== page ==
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Muscular dysgenesis or dysgeny is a lethal, recessive, autosomal genetic disease in mice that is caused by a mutation in the mdg gene. Due to this genetic abnormality, skeletal muscles in dysgenic mice are paralyzed and the animals die shortly after birth. This study is made to find the causes of the cellular defect associated with this genetic disease and to discuss the results found in comparison with other investigations done on this genetic defect.

AIM: To study the abnormalities caused by the genetic disease at a cellular level.

METHOD

MATERIALS: Experiment Chamber, muscle fiber extracted from a dysgenic mouse fetus.

PROCEDURE: After surgically removing muscle fiber from a dysgenic mouse fetus, it was placed in an experimental chamber in order to study some of the abnormalities in control of the skeletal muscle activity during the muscle dysgenesis.

A high concentration of Acetylcholine (ACh) was applied to the motor end plate directly.

Observation: It was found that, there was no contraction of the fiber.

Inference:  Since the muscular dysgenesis affects only one type of cell in the body, would it be possible, that the motor neurons of the dysgenic mice were working properly? ( )

A high concentration of Ach (Acetylcholine) was applied directly to the muscle fiber.

Observation: An action potential was generated in the sarcolemma.

Inference:  This finding demonstrated that certain events or conditions took place within the neuromuscular junctions.

Calcium concentration in the sarcoplasm was raised artificially in the muscle fiber.

Observation: It was found that the cell began to contract normally, on increased calcium concentrations.

RESULT:

Since the application of higher concentrations of calcium led to the contraction of the cell, it would seem that the defect of muscular dysgenesis occurs during the calcium ion storage and transport in the muscle cells.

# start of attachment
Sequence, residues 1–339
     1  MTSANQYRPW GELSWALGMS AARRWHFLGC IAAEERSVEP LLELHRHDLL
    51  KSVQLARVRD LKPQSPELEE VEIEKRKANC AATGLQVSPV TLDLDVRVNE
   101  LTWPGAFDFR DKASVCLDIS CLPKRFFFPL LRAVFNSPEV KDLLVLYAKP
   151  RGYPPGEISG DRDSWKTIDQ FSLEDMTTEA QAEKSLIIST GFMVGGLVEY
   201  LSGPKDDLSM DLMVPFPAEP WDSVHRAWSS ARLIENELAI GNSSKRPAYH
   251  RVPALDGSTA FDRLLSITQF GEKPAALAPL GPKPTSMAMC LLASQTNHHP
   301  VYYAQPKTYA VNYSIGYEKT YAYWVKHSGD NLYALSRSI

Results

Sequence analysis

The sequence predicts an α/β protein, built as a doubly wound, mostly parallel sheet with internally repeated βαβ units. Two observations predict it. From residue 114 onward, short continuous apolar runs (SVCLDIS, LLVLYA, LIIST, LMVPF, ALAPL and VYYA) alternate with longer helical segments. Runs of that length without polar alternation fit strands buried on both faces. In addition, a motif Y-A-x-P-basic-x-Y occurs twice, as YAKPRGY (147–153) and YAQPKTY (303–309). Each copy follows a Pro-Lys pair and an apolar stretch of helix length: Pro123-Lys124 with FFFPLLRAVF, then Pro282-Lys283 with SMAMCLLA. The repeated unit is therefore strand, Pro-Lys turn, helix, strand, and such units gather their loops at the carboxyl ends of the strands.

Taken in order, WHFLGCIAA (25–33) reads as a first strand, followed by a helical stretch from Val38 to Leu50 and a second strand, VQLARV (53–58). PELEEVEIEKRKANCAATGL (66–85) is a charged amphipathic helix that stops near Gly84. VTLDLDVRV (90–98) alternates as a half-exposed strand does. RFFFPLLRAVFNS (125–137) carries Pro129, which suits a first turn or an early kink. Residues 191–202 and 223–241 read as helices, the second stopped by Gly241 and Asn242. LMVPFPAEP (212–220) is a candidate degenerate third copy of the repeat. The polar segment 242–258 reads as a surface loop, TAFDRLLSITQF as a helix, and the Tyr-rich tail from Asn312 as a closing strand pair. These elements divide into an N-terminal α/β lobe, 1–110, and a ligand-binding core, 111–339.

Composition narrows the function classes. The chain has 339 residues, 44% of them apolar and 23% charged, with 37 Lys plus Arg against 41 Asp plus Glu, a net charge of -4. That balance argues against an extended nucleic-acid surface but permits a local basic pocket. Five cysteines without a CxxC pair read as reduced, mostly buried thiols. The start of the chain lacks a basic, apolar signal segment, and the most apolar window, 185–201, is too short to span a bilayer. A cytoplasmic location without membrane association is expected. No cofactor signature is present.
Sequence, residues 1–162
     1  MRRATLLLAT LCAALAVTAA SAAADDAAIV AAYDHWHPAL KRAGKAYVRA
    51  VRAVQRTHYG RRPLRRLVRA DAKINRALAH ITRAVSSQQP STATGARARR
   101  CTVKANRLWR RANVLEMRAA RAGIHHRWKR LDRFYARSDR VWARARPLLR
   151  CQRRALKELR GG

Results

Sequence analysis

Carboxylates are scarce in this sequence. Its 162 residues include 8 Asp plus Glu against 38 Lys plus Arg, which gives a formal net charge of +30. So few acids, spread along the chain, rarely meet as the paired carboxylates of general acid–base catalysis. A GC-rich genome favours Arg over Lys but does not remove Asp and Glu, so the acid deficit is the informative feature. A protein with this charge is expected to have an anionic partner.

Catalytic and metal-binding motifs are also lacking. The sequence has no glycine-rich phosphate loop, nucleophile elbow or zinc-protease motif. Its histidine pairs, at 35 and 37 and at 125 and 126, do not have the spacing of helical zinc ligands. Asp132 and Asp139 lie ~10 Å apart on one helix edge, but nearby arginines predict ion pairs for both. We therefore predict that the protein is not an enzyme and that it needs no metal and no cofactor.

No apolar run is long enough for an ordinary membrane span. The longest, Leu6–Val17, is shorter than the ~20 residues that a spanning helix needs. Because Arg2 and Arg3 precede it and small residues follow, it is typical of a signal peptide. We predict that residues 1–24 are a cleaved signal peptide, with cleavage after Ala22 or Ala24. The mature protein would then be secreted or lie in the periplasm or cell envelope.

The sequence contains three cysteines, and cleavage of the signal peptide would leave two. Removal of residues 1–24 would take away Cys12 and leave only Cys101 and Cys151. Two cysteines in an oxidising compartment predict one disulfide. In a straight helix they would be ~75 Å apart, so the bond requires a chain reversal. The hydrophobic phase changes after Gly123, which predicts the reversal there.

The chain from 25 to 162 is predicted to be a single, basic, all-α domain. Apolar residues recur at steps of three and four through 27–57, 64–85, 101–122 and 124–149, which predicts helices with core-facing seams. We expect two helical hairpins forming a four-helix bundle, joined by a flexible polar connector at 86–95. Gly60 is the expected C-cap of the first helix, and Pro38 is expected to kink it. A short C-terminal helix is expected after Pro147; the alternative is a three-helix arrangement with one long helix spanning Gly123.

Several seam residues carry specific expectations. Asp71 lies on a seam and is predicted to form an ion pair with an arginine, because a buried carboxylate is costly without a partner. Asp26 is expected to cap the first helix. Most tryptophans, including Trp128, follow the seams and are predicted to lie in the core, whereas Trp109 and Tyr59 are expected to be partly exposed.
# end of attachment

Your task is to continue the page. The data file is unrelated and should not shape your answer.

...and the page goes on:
DISCUSSION:

Before discussing the above procedures, observations and results one would need to understand the exact nature of muscular dysgeny and in order to understand the harmful effects of this genetic disease at a cellular level, one needs to have a brief idea about what actually happens during the normal working of a muscular contraction.

Muscle fibers are excitable, normally, a nerve impulse arriving at a neuromuscular junction initiates the contractile response and the impulse spreads rapidly due to the depolarization of the surface of sarcomeres. A neurotransmitter released at the neuromuscular junction, enters into the sarcomere through its membrane channel, resulting in the generation of an action potential, which travels all along the muscle fiber.

The sarcoplasmic reticulum then releases its stored calcium ions (Ca+ +) which moves on to bind with the specific sites on the troponin molecules of the thin filament. This leads to the contraction of the cell (Whereas, during relaxation, the Ca+ + is pumped back into the sarcoplasmic reticulum.).

Now, we compare the results obtained from our experiment with other articles published related to this genetic disease after taking a look at the experimental procedures followed and observations made above and how they are important to this study:

As a high concentration of ACh was applied to the muscle fiber and an action potential was observed in the sarcolemma, it would mean that, certain events were taking place in the neuromuscular junction, trying to initiate a contractile response. On the basis of this finding, a high concentration of calcium was raised artificially in the sarcoplasm leading to the contraction of the cell. This points that, though the action potential was generated, as in a normal cell, it took forced increase in the concentrations of calcium in the sarcoplasmic reticulum to see the cell undergo contraction normally, which clearly suggested an abnormality in the structure of the sarcoplasmic reticulum.